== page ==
Articles | Volume 13, issue 4
Research article
07 Jul 2017
Research article |  | 07 Jul 2017

Differences between 1999 and 2010 across the Falkland Plateau: fronts and water masses

M. Dolores Pérez-Hernández, Alonso Hernández-Guerra, Isis Comas-Rodríguez, Verónica M. Benítez-Barrios, Eugenio Fraile-Nuez, Josep L. Pelegrí, and Alberto C. Naveira Garabato

Abstract. Decadal differences in the Falkland Plateau are studied from the two full-depth hydrographic data collected during the ALBATROSS (April 1999) and MOC-Austral (February 2010) cruises. Differences in the upper 100 dbar are due to changes in the seasonal thermocline, as the ALBATROSS cruise took place in the austral fall and the MOC-Austral cruise in summer. The intermediate water masses seem to be very sensitive to the wind conditions existing in their formation area, showing cooling and freshening for the decade as a consequence of a higher Antarctic Intermediate Water (AAIW) contribution and of a decrease in the Subantarctic Mode Water (SAMW) stratum. The deeper layers do not exhibit any significant change in the water mass properties. The Subantarctic Front (SAF) in 1999 is observed at 52.2–54.8° W with a relative mass transport of 32.6 Sv. In contrast, the SAF gets wider in 2010, stretching from 51.1 to 57.2° W (the Falkland Islands), and weakening to 17.9 Sv. Changes in the SAF can be linked with the westerly winds and mainly affect the northward flow of Subantarctic Surface Water (SASW), SAMW and AAIW/Antarctic Surface Water (AASW). The Polar Front (PF) carries 24.9 Sv in 1999 (49.8–44.4° W), while in 2010 (49.9–49.2° W) it narrows and strengthens to 37.3 Sv.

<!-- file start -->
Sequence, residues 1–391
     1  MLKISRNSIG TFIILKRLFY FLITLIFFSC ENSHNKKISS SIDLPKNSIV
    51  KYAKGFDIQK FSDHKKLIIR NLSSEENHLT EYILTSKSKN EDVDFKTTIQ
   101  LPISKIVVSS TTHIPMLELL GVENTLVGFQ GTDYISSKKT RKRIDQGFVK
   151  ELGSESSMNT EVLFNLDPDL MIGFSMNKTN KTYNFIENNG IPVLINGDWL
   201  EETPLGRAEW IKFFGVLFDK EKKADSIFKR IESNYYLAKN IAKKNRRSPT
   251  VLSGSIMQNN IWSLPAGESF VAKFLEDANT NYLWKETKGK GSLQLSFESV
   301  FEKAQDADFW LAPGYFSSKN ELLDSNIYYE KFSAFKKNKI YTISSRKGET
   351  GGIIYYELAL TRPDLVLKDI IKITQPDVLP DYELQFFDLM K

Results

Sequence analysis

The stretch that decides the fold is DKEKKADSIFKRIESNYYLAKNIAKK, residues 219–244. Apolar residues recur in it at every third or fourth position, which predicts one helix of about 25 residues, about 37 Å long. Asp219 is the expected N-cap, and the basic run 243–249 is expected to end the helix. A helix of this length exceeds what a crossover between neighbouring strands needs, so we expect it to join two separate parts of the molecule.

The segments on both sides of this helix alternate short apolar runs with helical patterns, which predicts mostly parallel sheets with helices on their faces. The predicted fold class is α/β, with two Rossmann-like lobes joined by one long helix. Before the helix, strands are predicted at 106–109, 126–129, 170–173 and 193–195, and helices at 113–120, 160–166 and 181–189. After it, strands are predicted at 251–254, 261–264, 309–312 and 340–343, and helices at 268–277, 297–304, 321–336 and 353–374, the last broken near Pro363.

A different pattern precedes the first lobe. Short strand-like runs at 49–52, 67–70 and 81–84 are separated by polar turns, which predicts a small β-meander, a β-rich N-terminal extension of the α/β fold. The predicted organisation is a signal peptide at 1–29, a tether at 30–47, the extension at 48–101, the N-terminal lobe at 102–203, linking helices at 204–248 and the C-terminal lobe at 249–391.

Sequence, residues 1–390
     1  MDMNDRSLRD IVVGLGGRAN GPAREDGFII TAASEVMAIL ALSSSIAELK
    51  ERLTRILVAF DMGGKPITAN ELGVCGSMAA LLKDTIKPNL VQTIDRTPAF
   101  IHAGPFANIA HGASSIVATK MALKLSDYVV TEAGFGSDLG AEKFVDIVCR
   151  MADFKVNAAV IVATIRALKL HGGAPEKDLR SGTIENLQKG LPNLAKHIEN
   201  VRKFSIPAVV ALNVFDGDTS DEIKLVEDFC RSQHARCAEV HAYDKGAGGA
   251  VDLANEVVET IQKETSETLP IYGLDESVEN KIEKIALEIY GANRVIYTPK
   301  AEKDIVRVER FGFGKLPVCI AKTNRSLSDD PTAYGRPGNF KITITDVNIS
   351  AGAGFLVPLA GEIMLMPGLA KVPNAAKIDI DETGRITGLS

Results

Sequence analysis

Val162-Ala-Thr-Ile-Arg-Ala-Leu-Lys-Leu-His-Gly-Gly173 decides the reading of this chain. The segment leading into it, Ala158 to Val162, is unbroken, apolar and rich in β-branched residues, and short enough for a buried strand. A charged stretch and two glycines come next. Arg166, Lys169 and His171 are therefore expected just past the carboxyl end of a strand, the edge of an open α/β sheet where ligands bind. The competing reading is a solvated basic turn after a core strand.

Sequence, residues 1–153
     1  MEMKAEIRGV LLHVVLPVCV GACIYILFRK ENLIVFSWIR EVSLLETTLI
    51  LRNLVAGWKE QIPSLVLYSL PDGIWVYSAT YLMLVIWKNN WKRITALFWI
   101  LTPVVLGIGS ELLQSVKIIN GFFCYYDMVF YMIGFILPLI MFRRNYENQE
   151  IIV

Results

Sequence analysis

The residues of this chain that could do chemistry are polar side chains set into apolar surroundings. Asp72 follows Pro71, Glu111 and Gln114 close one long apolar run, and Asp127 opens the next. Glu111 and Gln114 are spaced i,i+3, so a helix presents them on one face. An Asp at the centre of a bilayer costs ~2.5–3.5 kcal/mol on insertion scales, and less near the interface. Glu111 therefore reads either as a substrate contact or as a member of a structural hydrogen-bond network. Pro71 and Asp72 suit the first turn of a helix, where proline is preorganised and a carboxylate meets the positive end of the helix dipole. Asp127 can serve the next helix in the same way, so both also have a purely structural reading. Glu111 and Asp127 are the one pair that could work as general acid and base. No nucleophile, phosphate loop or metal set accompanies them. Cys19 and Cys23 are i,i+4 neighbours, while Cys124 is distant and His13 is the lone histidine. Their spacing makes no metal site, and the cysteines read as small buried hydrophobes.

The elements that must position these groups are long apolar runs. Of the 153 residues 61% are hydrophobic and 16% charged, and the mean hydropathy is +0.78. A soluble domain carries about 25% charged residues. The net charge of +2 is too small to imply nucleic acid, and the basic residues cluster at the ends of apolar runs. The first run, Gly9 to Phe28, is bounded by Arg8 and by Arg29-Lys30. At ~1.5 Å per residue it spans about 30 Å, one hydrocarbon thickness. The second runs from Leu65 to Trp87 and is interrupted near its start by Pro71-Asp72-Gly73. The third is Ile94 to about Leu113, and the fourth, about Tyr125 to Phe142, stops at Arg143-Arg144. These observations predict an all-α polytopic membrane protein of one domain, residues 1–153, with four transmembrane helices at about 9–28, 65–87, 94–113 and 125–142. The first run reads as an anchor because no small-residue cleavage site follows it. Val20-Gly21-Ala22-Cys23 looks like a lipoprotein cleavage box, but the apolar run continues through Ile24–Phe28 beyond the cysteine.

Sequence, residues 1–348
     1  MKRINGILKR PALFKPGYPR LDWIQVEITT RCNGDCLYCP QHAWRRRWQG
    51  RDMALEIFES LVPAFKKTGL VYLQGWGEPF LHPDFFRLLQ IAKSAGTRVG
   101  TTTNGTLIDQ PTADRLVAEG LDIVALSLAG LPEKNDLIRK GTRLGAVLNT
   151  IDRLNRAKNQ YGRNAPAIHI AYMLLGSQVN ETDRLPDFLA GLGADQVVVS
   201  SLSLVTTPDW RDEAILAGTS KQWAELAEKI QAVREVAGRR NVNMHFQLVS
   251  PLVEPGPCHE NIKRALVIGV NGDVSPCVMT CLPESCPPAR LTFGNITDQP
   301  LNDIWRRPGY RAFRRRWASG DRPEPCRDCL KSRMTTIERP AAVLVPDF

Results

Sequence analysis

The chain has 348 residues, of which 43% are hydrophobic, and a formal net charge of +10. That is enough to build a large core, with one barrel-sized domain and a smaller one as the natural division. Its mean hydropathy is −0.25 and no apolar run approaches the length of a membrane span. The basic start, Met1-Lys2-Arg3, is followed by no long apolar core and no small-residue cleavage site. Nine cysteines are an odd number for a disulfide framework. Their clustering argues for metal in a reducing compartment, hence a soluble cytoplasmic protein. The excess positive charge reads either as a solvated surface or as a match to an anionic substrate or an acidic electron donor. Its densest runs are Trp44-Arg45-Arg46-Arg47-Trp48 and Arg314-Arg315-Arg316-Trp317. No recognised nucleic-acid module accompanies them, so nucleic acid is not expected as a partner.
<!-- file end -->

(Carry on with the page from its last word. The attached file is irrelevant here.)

Short summary
The decadal differences between the ALBATROSS (April 1999) and MOC2-Austral (February 2010) hydrographic cruises are analyzed. Changes in the intermediate water masses beneath seem to be very sensitive to the wind conditions existing in their formation area. The Subantarctic Front is wider and weaker in 2010 than in 1999, while the Polar Front remains in the same position and strengthens.